"Every voyage has its own flavour."
Almost 20 years after The 7th Voyage of Sinbad, Ray Harryhausen and Charles Schneer crafted the great sequel, The Golden Voyage of Sinbad. When it was released in April of 1974, audiences were truly amazed at what the filmmakers had accomplished. With a budget of less than a million dollars, The Golden Voyage is still truly epic. The film was shot in locations all over the world from Spain to Malta to India and Harryhausen's visual effects are nothing less than astounding!
The Golden Voyage was directed by Gordon Hessler (The Oblong Box) and stars John Phillip Hall (Barbarella) as Sinbad and Tom Baker (Doctor Who) as Koura. Law is my favourite Harryhausen Sinbad. He looks great in the part and he affects an accent that, if not entirely accurate, is exotic enough to be believable. Baker makes a terrific villain as the dark prince, Koura. His work in this film led directly to his being cast as the famous fourth doctor on Doctor Who.
The story is HUGE and entirely original. It begins when a strange creature accidentally drops a mysterious golden tablet on the deck of Sinbad's ship. Sinbad keeps the object but when he lands at home, the dark prince Koura confronts him, telling Sinbad that the tablet is his. Sinbad manages to escape from Koura and heads to the capital where the sultan has died and left his vizier in charge. The vizier is horribly scarred after a mysterious fireball engulfed him. He befriends Sinbad, drawn to the golden tablet, which he recognizes as part of a larger whole, of which he also has part. Together, the two men discover that the tablets form a map. It is missing a third part but they have enough information to embark on a voyage.
Koura knows that the map leads to the Fountain of Destiny and he sends a spy, a living homunculus, to find out where Sinbad and the vizier intend to sail. The men realize that they can only be searching for the lost continent of Lemuria and they embark, knowing that Koura is hot on their trail. It's a race to see which ship will arrive first. Koura uses his dark magic abilities to bring to life the figurehead on Sinbad's ship. She attacks the crew and steals Sinbad's charts for Koura. The figurehead is brought to life amazingly by Harryhausen.
Both ships reach Lemuria within minutes of each other but Sinbad and his crew are first to land. They rush to an ancient temple where they call upon an oracle who tells them to head north. There, they will find the third golden tablet and the Fountain of Destiny. Koura has overheard the instructions and he causes a cave-in which destroys the entrance to the temple, leaving Sinbad and his crew trapped inside. They eventually escape through an opening high above only to be captured by a tribe of native Lemurians. Meanwhile, Koura has already befriended the natives and been taken to the temple of their goddess, Kali. When the natives bring Sinbad's party there as well, Koura uses his magic to bring a huge statue of Kali to life. In one of Harryhausen's most masterful performances, the six-armed goddess battles Sinbad and his men.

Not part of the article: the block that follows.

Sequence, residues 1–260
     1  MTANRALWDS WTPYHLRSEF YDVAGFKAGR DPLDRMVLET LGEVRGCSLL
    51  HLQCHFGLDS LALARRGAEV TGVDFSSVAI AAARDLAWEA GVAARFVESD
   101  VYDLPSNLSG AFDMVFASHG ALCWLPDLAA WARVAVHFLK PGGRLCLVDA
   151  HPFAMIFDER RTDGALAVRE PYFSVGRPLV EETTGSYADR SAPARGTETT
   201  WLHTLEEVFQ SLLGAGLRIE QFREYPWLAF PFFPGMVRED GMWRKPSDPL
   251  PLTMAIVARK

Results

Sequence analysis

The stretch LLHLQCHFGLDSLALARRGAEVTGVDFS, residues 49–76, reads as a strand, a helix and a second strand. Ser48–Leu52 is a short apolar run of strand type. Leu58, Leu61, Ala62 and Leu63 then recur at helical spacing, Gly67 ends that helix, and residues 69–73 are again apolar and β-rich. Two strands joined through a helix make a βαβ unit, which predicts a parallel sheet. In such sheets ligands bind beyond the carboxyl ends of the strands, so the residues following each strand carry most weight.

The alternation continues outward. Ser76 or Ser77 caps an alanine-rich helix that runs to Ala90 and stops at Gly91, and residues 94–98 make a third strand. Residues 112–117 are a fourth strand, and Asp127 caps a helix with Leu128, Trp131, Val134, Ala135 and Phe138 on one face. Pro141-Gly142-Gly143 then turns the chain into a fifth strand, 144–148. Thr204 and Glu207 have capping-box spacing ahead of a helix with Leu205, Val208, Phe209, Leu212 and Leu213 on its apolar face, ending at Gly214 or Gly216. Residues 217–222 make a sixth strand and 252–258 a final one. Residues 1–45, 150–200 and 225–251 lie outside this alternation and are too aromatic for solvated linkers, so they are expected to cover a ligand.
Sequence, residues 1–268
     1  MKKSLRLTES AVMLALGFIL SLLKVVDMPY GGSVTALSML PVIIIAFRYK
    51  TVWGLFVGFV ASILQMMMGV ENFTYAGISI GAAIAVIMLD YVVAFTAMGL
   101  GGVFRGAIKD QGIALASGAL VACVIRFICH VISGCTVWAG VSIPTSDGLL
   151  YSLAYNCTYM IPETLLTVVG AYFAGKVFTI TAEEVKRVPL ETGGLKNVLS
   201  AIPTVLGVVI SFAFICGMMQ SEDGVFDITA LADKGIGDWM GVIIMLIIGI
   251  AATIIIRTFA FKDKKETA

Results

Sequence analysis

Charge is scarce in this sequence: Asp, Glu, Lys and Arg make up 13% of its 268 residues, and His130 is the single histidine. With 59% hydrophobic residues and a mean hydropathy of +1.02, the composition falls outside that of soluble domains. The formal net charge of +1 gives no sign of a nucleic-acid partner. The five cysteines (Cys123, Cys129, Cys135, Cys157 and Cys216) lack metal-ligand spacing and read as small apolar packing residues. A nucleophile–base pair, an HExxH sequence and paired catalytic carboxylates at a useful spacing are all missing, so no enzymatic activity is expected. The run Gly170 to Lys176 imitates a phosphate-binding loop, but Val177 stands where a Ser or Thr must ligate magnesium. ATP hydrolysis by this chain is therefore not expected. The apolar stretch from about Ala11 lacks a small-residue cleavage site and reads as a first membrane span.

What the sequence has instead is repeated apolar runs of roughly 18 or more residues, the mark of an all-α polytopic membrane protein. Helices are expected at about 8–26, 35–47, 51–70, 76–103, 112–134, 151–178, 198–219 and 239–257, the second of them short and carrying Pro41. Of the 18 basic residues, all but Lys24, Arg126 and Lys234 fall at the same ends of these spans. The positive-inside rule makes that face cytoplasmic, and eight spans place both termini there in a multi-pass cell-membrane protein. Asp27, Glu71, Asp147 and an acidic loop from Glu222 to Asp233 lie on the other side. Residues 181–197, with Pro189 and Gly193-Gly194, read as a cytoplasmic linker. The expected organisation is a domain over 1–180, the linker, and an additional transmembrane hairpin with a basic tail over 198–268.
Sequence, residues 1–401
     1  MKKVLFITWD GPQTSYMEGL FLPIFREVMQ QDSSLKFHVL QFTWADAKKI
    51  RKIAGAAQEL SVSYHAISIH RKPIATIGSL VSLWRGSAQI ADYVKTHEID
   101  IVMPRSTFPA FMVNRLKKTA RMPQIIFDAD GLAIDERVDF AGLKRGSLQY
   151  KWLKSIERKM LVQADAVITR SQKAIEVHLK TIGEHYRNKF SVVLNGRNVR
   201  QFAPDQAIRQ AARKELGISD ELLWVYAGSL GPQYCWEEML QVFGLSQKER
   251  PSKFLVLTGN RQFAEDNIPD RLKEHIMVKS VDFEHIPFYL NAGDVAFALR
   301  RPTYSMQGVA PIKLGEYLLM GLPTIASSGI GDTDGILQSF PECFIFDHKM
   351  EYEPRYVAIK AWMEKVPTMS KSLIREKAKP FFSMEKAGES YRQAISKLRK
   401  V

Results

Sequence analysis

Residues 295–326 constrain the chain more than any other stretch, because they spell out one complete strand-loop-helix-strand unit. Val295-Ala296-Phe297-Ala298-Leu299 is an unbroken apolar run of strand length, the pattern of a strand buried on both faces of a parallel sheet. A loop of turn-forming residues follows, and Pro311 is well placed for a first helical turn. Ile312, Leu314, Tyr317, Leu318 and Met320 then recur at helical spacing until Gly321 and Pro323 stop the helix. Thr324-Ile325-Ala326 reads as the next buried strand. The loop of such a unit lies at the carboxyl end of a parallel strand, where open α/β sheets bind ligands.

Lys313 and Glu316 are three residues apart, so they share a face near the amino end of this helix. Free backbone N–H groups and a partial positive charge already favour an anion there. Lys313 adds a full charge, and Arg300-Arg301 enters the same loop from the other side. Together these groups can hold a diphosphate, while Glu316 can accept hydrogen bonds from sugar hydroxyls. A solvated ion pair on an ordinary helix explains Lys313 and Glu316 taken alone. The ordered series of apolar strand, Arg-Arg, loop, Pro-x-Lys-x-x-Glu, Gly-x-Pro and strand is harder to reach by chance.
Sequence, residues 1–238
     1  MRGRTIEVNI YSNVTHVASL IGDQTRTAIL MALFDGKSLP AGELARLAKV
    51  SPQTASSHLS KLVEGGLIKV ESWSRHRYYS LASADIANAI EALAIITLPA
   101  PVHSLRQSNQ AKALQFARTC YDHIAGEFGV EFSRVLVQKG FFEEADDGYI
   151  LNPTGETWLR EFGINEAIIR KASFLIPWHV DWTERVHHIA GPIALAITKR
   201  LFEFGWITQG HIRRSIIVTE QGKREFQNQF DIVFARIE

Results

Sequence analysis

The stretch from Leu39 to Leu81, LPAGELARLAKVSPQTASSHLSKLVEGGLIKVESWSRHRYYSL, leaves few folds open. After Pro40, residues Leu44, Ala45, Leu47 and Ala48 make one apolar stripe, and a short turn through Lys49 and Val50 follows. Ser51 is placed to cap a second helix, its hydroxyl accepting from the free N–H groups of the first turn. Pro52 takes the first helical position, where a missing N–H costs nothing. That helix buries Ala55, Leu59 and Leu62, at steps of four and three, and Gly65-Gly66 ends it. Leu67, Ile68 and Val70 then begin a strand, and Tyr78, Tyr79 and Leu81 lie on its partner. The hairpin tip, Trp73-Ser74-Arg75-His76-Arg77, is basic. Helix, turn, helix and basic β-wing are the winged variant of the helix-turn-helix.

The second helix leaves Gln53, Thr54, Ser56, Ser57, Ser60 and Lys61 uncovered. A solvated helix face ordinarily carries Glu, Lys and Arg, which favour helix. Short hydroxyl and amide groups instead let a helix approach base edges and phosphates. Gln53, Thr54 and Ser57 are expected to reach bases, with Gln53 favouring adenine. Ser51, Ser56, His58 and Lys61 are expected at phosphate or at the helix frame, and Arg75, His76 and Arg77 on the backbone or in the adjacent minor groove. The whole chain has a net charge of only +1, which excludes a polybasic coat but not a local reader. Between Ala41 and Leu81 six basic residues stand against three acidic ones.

Sinbad is able to defeat Kali, but in the process he destroys the natives' most important shrine. Angered, they take his companion, Margiana (Caroline Munro), as a sacrifice to their one-eyed god. They lower her into a pit and a large, cycloptic centaur drags her off into the caves beneath the temple. Meanwhile, Koura now has all three golden tablets and is on his way to the Fountain of Destiny, also in the caves. The vizier removes his golden helmet and his scarred visage distracts the natives long enough for Sinbad to escape. Sinbad pursues Margiana instead of Koura and is able to rescue her. Together, they head after the dark prince. They find Koura, his youth restored, at the Fountain. Koura calls upon the centaur to defeat Sinbad but a giant Griffin appears to battle the centaur on the sailor's behalf.
The Fountain has also given Koura a "Shield of Darkness" which makes him invisible. A wild duel ensues with Sinbad battling an invisible opponent. The waters of the Fountain finally aid Sinbad in detecting and defeating Koura. The final gift of the Fountain is a golden crown which Sinbad bestows upon the vizier. He is magically healed and Sinbad and his crew take him home where he will rule.
The story is really well-constructed with great mystery and twists and turns galore. Harryhausen and Brian Clemens crafted a really engaging mythology. The film is fast-paced and a really great example of the kind of storytelling that would become the basis for Hollywood fantasy tentpoles in years to come. The film is visually arresting with fantastic creatures, great make-up by